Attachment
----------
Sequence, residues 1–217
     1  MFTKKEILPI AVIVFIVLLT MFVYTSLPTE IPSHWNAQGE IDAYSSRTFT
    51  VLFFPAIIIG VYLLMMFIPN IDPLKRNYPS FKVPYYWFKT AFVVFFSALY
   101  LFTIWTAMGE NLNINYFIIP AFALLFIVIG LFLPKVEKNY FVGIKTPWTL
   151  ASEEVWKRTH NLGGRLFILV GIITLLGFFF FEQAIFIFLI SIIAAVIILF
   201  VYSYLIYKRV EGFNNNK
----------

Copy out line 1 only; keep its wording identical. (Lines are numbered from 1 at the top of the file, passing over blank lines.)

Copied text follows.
Sequence, residues 1–217